Op/ed: Our work to prevent gun violence is just beginning
By Hannah-Beth Jackson
It has been just over a month since the tragedy in Isla Vista. The news camera crews are gone. The daily media coverage has waned. But we can’t let the urgent sense that more must be done to prevent gun violence leave us.
No one expressed the urgent need for solutions more poignantly than Richard Martinez, the father of victim Christopher Martinez. How can anyone forget his powerful refrain? “Not one more.”
In the weeks after this tragedy, I introduced Senate Bill 505, which would require law enforcement, when they check in on a person who may be a danger to themselves or others — commonly known as a “welfare check” — to first conduct a search of California’s database of gun purchases to find out if that person has purchased firearms and, if so, how many.
In addition to initiating an important conversation about mental illness and access to guns, the tragedy in Isla Vista has also raised questions about police protocols. We will never know if the tragedy might have taken a different turn if law enforcement had known about the three guns that Elliott Rodger possessed, but we shouldn’t be left wondering. A check like this can take as little as 90 seconds and can be done by computer or phone.
It just makes common sense.
Law enforcement may not have been able to legally seize Rodger’s guns at that moment. But they might have asked to see them or asked him what he intended to do with them. They might have steered the conversation in an important, life-saving direction. They might even have asked him to surrender his guns voluntarily.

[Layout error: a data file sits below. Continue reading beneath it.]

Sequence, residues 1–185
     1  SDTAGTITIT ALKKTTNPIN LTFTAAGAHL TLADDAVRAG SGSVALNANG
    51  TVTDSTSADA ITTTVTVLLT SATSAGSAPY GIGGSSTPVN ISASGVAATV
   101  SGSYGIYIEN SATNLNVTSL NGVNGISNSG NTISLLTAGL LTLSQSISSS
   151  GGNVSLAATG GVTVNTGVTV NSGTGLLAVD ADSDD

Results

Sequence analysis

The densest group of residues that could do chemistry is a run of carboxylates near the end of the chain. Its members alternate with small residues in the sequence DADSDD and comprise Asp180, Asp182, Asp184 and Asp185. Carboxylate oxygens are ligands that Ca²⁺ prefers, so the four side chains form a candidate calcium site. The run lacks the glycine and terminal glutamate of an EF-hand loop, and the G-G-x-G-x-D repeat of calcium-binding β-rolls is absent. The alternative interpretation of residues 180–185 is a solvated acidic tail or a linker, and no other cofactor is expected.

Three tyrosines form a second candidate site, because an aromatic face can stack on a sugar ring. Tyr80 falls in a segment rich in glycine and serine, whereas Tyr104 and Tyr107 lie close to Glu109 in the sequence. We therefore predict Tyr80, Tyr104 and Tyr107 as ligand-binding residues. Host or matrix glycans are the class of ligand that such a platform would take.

I have also introduced Senate Bill 580, which would provide more than $15 million in funding to law enforcement to take guns away from those who illegally possess them, update aging computer systems used to track gun ownership and provide training on how to use the statewide database of gun purchases.
Currently, the Bureau of Firearms has identified 20,834 people with a prior criminal conviction or mental health disorder that disqualifies them from possessing more than 43,000 firearms.
There are more than 150 such people in Santa Barbara County and approximately 500 in Ventura County. Every day, this list grows by about 15 to 20 people. Let’s get guns away from people we know shouldn’t have them and give law enforcement the support they need to get that done.
I am also the co-author of Assembly Bill 1014, along with Assemblymembers Nancy Skinner and Das Williams, to create a so-called “gun violence restraining order.”
This bill would allow family members to petition a judge to remove guns from a loved one’s possession if the family know that person is in crisis. Such action would buy precious time so that those in crisis can seek treatment for mental health or anger-management issues or drug and alcohol abuse. This is another important step to help prevent needless gun violence.
I also recently joined Senate leader Darrell Steinberg and colleagues in announcing a push to help those with mental illness, including directing $12 million toward law enforcement training to recognize the warning signs of severe mental illness.
This is only the beginning of our work on the challenging and multi-faceted problem of gun violence. This isn’t going to be easy. But throwing up our hands and saying there’s nothing we can do is not an option.
Long after the 24-hour media coverage has stopped, we won’t let the Isla Vista tragedy be forgotten. Let’s keep saying it, meaning it, and fighting for it: Not one more.
• State Sen. Hannah-Beth Jackson represents the 19th Senate District, which includes all of Santa Barbara County and western Ventura County. Contact her through her website at http://sd19.senate.ca.gov or by calling (916) 651-4019.